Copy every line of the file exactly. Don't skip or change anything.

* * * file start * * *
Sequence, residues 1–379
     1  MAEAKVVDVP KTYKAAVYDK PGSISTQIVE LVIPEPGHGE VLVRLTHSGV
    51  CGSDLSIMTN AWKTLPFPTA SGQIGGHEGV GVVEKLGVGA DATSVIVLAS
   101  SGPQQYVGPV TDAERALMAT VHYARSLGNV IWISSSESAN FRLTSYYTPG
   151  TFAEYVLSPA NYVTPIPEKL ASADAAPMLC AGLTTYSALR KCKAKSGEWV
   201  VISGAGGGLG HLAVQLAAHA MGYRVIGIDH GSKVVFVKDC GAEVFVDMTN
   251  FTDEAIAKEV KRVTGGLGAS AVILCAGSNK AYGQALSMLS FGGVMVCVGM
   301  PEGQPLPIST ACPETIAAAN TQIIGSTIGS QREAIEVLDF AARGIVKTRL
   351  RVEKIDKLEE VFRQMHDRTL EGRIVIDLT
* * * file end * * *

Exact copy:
Sequence, residues 1–379
     1  MAEAKVVDVP KTYKAAVYDK PGSISTQIVE LVIPEPGHGE VLVRLTHSGV
    51  CGSDLSIMTN AWKTLPFPTA SGQIGGHEGV GVVEKLGVGA DATSVIVLAS
   101  SGPQQYVGPV TDAERALMAT VHYARSLGNV IWISSSESAN FRLTSYYTPG
   151  TFAEYVLSPA NYVTPIPEKL ASADAAPMLC AGLTTYSALR KCKAKSGEWV
   201  VISGAGGGLG HLAVQLAAHA MGYRVIGIDH GSKVVFVKDC GAEVFVDMTN
   251  FTDEAIAKEV KRVTGGLGAS AVILCAGSNK AYGQALSMLS FGGVMVCVGM
   301  PEGQPLPIST ACPETIAAAN TQIIGSTIGS QREAIEVLDF AARGIVKTRL
   351  RVEKIDKLEE VFRQMHDRTL EGRIVIDLT